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Obama's 'red menace' debt is the problem. Can Republicans sell the solution in 2012?

President Obama's $3.7 trillion budget would derail the American Dream. Conservatives must frame the debt issue in a way that engages young people without scaring older voters or neglecting social conservatives. Yet most of the 2012 Republican hopefuls at last weekend's CPAC don't get it.

By Ron Meyer / February 15, 2011



Washington

President Obama wants to “win the future.” Yet the $3.7 trillion budget he proposed yesterday would “con the future.”

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Even as our national debt is about to surpass the size of the economy, the proposed budget comes with a record $1.6 trillion deficit.

Kicking the can of fiscal integrity down the road does more than make us a procrasti-nation – it derails the American Dream for young adults (Millennials) like me.

In the next decade, as Millennials are trying to build their own businesses, the cost to service just the interest on the national debt could swell to nearly $1 trillion, crippling their efforts.

The American Dream is being morphed into the American Burden.

Some Republicans say they have a one-point plan for getting America back on track: replacing Obama as president. But to do that, they’ll have to frame the debt issue in a way that engages young people without scaring older voters or neglecting social conservatives.

That’s a tall order, but it can be done – if the GOP hopefuls take a page from Ronald Reagan’s playbook and embrace the concept of New Federalism.

GOP hopefuls don't get it

Unfortunately, if this past weekend’s Conservative Political Action Conference (CPAC) was any indication, the 2012 Republican presidential field doesn’t get it.

After three days of speeches and talks with a delegates and potential candidates, it was clear that conservatives are neither united behind a message nor a messenger for 2012. While everyone in the Republican base agrees on the need to cut spending, the CPAC VIPs were rather mixed on how to sell this mantra to the American people, especially to younger voters, who overwhelmingly favored Obama in 2008.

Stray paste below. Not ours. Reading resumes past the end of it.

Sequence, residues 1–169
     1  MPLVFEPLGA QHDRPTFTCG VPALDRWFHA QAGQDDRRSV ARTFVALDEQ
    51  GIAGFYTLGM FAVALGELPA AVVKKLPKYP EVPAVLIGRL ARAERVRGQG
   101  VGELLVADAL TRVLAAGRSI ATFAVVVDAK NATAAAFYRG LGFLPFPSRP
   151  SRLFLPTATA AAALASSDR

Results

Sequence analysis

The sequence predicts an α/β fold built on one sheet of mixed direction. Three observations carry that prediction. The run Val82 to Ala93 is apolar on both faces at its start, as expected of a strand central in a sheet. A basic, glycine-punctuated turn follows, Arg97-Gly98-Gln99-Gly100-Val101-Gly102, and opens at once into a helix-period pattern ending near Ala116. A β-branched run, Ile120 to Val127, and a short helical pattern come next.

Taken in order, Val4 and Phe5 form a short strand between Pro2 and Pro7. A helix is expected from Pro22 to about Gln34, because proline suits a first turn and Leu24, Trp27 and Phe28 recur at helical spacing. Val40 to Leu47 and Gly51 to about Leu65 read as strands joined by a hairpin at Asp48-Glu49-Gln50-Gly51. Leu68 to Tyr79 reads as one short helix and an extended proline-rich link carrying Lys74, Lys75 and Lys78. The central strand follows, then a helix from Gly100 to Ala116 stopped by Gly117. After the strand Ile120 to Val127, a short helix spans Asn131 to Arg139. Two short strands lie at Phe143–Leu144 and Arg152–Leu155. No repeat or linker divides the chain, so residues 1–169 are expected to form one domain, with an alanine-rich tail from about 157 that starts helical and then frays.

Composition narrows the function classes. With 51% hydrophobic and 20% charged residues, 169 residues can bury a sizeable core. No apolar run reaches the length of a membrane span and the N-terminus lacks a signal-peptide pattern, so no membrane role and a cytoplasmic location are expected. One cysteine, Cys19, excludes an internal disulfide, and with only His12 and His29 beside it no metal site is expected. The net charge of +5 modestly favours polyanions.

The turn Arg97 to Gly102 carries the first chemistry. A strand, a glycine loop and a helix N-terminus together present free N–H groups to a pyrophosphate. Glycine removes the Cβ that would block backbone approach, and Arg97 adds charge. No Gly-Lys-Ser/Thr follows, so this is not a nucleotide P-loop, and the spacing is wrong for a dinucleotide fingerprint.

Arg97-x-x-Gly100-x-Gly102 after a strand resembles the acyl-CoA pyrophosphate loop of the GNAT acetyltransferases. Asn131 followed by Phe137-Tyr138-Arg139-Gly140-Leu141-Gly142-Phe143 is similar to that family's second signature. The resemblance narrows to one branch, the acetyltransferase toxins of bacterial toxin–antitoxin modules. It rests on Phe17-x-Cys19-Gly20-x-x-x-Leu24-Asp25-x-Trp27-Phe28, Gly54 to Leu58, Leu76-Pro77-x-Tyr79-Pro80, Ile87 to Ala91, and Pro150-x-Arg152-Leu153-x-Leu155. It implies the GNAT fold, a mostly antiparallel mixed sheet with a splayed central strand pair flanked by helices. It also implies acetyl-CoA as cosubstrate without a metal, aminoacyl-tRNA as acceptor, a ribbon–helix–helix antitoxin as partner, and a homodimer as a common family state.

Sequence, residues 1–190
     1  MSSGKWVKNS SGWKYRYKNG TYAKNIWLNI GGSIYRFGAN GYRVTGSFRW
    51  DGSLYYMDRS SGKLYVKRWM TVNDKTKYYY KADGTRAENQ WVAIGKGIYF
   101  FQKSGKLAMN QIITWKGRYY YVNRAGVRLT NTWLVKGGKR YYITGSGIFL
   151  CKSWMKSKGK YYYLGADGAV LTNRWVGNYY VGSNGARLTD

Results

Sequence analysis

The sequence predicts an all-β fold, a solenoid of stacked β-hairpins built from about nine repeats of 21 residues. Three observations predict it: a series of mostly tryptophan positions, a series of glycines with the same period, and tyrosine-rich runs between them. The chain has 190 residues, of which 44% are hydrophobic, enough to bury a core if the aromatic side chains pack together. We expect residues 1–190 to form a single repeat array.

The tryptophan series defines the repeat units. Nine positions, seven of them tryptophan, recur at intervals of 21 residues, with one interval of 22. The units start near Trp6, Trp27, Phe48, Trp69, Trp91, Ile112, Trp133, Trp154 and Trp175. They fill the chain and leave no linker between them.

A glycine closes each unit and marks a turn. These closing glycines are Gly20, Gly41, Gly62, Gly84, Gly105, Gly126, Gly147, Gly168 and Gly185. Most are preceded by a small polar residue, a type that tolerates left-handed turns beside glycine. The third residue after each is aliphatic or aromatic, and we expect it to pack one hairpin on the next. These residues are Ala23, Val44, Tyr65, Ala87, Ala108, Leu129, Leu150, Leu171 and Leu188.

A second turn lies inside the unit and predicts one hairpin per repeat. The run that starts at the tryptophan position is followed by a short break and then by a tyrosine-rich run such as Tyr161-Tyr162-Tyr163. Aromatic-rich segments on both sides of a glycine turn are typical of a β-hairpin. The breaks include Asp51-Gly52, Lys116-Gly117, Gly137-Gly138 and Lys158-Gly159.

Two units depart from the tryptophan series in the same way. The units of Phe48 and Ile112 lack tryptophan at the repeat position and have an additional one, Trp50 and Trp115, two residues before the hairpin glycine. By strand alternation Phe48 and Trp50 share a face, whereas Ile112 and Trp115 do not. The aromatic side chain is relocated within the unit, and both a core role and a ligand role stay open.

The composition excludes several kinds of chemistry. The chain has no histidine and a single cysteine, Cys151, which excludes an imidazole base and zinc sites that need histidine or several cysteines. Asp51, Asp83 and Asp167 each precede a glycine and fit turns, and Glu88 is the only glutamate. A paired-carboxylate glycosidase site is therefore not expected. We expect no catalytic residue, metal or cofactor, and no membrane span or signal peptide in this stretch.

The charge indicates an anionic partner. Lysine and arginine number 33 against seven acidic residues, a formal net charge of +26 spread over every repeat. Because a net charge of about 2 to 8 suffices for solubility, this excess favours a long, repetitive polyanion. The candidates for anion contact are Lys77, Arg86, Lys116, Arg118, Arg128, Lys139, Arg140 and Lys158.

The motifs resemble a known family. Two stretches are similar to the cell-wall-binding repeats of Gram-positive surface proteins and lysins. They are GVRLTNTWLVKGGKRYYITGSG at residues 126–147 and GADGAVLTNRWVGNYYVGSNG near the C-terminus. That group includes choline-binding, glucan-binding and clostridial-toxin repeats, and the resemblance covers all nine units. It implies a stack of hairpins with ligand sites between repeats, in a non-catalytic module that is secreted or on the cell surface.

The clearest message on cutting the size of government came from Indiana Gov. Mitch Daniels. In his speech, he called debt the next “red menace.” Beforehand, my radio show co-host asked him what his message is to young people. “Tell your elders you deserve a better break then they are giving you,” Governor Daniels told her, “and join us in shaping America up so you can have the kind of life that they had.”

Mr. Daniels understands that the debt should be a youth issue, maybe even a cause for young people to fight for.

One the other hand, when I asked Gov. Haley Barbour of Mississippi about his message to young people, he said, “Hey, stay involved, learn about government, and make ya’ conservative.”

Like Governor Barbour, most of the GOP field has no idea how to talk to young people. The good news is that they don’t have to start listening to Justin Bieber or appear on Comedy Central. Instead, they can both excite younger voters and unite the conservative base by preaching the virtues of New Federalism.

New Federalism is not just an idea. It’s a fundamental policy orientation that decentralizes the Washington establishment and returns power back to the people and their state and local governments.

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